SESAME (Synchrotron-light for Experimental Science and Applications in the Middle East) is a third generation 2.5 GeV synchrotron-light source under construction in Allan (Jordan), modelled institutionally on CERN. It has been set up under the auspices of UNESCO. SESAME aims at both:

• Enabling world-class research in its Members in subjects ranging from biology and medical sciences through materials science, physics and chemistry to archaeology, and

• Building scientific and cultural bridges between neighbouring countries, promoting mutual understanding and tolerance through international cooperation, and fostering a regional community of scientific users who will work together at SESAME.

The Members of SESAME are currently Bahrain, Cyprus, Egypt, Iran, Israel, Jordan, Pakistan, the Palestinian Authority and Turkey. The Observer countries are France, Germany, Greece, Italy, Japan, Kuwait, Portugal, Russia, Sweden, Switzerland, the UK and the USA.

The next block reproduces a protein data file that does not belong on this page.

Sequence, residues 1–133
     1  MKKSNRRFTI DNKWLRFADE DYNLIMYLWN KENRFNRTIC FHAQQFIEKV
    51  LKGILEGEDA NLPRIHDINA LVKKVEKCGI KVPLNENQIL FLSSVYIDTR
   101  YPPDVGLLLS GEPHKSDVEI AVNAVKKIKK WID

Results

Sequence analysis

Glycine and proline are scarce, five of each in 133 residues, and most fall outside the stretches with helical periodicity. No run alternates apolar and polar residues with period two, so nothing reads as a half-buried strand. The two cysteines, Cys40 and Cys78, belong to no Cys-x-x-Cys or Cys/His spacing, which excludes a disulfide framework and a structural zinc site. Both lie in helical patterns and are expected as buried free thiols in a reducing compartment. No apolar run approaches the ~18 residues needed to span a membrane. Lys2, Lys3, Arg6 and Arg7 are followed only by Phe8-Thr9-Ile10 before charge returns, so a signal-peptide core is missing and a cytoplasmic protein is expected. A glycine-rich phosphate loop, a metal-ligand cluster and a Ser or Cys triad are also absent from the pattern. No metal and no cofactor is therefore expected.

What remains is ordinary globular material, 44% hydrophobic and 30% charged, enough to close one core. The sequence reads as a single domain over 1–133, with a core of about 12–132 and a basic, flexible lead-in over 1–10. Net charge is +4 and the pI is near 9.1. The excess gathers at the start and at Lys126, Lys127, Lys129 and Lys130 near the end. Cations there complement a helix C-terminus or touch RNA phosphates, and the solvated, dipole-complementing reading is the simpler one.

The SESAME synchrotron and 4 of its 7 Phase I beamlines are expected to be operational in 2015. In a modern building specially constructed for the Centre, an electron beam at full energy (22 MeV) was extracted from SESAME’s microtron in November 2011 and has been reproduced several times since then. The microtron provides initial acceleration and injects the beam into the booster ring (to be commissioned in 2012). The shielding wall which will house the main storage ring has already been completed.

UNESCO helps in fostering awareness and participation of its Member States and partners in the activity of SESAME, and in running and developing a training programme designed to set up, in the Middle East and neighbouring countries, a community of users of synchrotron radiation in many areas of basic and applied research in science and technology.

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